Read more about Mara in my free short story “Blood Magic.” Myth and magic collide in this story about choices, transformation, and retribution: https://www.smashwords.com/books/view/816146
And in Love Lies Bleeding: a novel about delusion, obsession, and blood:
Don’t forget to leave a review on your favourite book site!
Like so many people (especially the ones in creative fields), I struggle with anxiety and depression. Usually it’s manageable (I’ve actually found that some mild anxiety helps me write). Every so often, though, for reasons that aren’t always clear, the scale tips from manageable to overwhelming. If you’ve ever had severe anxiety or depression you know the feeling of deep despair that leaves you searching for a reason to get out of bed. If you haven’t experienced that kind of bleakness, then consider yourself lucky (not blessed, or motivated, or magically able to control your emotions–just lucky).
This past week has been difficult for me, both on a personal level and because of events in the wider world. One of the events that made the week so bad (for countless people besides myself) was the tragic suicide of Anthony Bourdain. I didn’t know him, but he’s been part of my life for a couple of decades now. He was an inspiration, something of a kindred spirit (other than that time on No Reservations when he decided hipsters were okay), and a truly decent human being. I’m not exaggerating when I say we’re all worse off without him.
I wish I knew how to break the cycle of depression and anxiety. I do my best to deal by working on it as best I can and trying to work around it the rest of the time (with varying levels of success). If you’re suffering from any kind of mental illness or distress, the first thing you should do is see a doctor and get a proper diagnosis. Don’t be afraid and don’t be ashamed–there is help, from support groups to therapeutic techniques to medications, and more.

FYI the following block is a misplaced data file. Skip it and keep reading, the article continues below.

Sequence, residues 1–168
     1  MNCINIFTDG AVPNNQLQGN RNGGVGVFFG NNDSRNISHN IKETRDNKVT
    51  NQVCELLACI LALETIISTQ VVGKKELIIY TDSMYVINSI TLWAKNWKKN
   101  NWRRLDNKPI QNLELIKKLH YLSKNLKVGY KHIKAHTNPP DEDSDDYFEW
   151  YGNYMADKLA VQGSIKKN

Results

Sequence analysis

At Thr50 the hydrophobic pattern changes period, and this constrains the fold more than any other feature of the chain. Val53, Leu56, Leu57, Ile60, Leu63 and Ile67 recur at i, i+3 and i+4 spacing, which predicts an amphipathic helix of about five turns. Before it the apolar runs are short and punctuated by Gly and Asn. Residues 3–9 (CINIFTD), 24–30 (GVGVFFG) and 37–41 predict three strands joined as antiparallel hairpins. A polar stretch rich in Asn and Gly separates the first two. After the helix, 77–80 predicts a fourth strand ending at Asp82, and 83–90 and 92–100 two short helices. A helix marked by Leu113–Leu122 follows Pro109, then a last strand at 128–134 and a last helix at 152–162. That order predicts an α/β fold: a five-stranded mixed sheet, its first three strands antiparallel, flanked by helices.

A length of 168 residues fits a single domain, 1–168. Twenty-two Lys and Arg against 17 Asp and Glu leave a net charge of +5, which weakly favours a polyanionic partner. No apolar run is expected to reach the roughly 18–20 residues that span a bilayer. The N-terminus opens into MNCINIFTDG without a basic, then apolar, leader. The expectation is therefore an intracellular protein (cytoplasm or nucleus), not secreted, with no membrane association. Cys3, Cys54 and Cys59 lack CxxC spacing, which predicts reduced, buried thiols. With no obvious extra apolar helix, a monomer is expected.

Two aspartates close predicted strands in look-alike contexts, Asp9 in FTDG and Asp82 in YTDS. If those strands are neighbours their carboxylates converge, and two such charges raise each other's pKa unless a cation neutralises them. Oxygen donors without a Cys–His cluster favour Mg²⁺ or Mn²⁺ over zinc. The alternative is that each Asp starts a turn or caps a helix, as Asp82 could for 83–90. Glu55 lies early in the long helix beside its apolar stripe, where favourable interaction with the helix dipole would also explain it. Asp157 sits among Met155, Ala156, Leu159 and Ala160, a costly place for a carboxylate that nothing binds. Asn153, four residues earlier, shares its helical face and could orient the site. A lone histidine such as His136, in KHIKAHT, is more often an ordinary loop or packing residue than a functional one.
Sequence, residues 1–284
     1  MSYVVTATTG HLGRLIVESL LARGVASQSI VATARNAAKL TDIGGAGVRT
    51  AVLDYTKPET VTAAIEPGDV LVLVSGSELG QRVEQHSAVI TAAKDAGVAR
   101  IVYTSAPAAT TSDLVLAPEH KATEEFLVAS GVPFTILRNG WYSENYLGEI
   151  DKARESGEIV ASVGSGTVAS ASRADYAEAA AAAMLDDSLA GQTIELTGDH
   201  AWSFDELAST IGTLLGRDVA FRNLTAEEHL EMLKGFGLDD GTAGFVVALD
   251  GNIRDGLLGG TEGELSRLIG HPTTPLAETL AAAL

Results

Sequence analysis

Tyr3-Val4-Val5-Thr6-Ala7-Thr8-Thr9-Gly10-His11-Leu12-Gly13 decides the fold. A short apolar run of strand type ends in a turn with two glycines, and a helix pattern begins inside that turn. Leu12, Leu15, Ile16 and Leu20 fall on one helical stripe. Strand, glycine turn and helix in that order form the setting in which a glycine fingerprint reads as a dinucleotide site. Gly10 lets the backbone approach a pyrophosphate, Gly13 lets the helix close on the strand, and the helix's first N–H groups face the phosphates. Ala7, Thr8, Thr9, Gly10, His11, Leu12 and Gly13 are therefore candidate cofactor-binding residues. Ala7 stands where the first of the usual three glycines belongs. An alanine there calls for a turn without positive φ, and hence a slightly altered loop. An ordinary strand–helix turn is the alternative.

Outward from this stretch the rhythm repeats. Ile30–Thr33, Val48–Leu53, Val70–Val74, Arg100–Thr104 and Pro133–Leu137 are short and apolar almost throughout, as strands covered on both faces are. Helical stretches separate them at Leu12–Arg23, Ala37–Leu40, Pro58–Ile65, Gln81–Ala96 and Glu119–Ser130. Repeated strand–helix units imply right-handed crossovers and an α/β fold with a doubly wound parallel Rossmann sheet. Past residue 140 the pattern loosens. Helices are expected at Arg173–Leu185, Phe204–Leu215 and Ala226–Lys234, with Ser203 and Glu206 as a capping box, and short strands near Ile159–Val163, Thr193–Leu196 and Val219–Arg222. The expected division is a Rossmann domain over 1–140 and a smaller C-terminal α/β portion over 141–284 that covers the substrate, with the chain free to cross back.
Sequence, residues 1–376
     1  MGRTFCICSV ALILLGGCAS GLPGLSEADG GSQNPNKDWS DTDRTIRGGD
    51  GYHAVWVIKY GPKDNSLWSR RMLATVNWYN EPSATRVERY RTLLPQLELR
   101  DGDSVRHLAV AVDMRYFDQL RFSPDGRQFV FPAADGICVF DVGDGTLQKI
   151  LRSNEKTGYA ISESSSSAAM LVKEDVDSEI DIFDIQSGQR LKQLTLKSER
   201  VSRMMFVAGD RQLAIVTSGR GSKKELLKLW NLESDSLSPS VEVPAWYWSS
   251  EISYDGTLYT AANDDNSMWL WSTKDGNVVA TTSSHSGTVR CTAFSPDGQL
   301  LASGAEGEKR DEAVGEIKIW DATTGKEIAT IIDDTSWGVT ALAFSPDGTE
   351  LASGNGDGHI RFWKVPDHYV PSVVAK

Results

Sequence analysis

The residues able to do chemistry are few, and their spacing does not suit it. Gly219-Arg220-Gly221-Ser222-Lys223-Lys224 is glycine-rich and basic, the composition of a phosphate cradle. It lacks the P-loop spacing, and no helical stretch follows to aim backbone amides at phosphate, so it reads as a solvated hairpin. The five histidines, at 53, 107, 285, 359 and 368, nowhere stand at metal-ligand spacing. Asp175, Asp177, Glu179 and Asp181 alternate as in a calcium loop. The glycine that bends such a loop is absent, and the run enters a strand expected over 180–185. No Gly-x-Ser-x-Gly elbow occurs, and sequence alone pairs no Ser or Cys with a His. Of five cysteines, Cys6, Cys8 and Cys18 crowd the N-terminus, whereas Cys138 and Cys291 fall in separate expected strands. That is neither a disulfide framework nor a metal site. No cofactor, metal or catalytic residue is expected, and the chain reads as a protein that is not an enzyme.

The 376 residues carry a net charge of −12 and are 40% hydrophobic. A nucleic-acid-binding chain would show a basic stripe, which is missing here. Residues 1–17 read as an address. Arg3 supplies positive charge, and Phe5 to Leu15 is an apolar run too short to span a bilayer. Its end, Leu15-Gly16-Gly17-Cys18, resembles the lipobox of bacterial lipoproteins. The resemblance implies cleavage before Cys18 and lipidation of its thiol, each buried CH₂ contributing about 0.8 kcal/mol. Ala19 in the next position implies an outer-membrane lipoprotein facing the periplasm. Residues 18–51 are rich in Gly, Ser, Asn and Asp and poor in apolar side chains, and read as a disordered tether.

If you’re in crisis, you can get help right now (always keep your local hotline number nearby). In Canada, the National Suicide Prevention hotline is: 1-833-456-4566, or text 45645. You can also chat here: http://www.crisisservicescanada.ca/
I wrote an article a while back about being rejected by publishers (https://aspasiasbissas.com/2018/03/13/when-publishers-pass-you-by/). This one is better…
Many of you may know me as the very, very, very rejected writer/cat lady. There is truly no avenue of writing-related rejection that I have yet to go through – or at least, that’s what it feels like. I could recap all the rejections for you in chronological order, but I do believe I have done so many times before, namely here and here.
If you clicked on any of those links above, you’ll notice I love sharing my writing failures. But why am I so keen to share? Well, for two reasons:
1) to make you feel better in solidarity and;
2) because my misfortunes are pretty damn hilarious due to their overwhelming and never-ending march toward my inbox (and makes for great blog fodder!)
Today, I want to highlight one particular story that you might have heard before. It relates to the time I applied for a…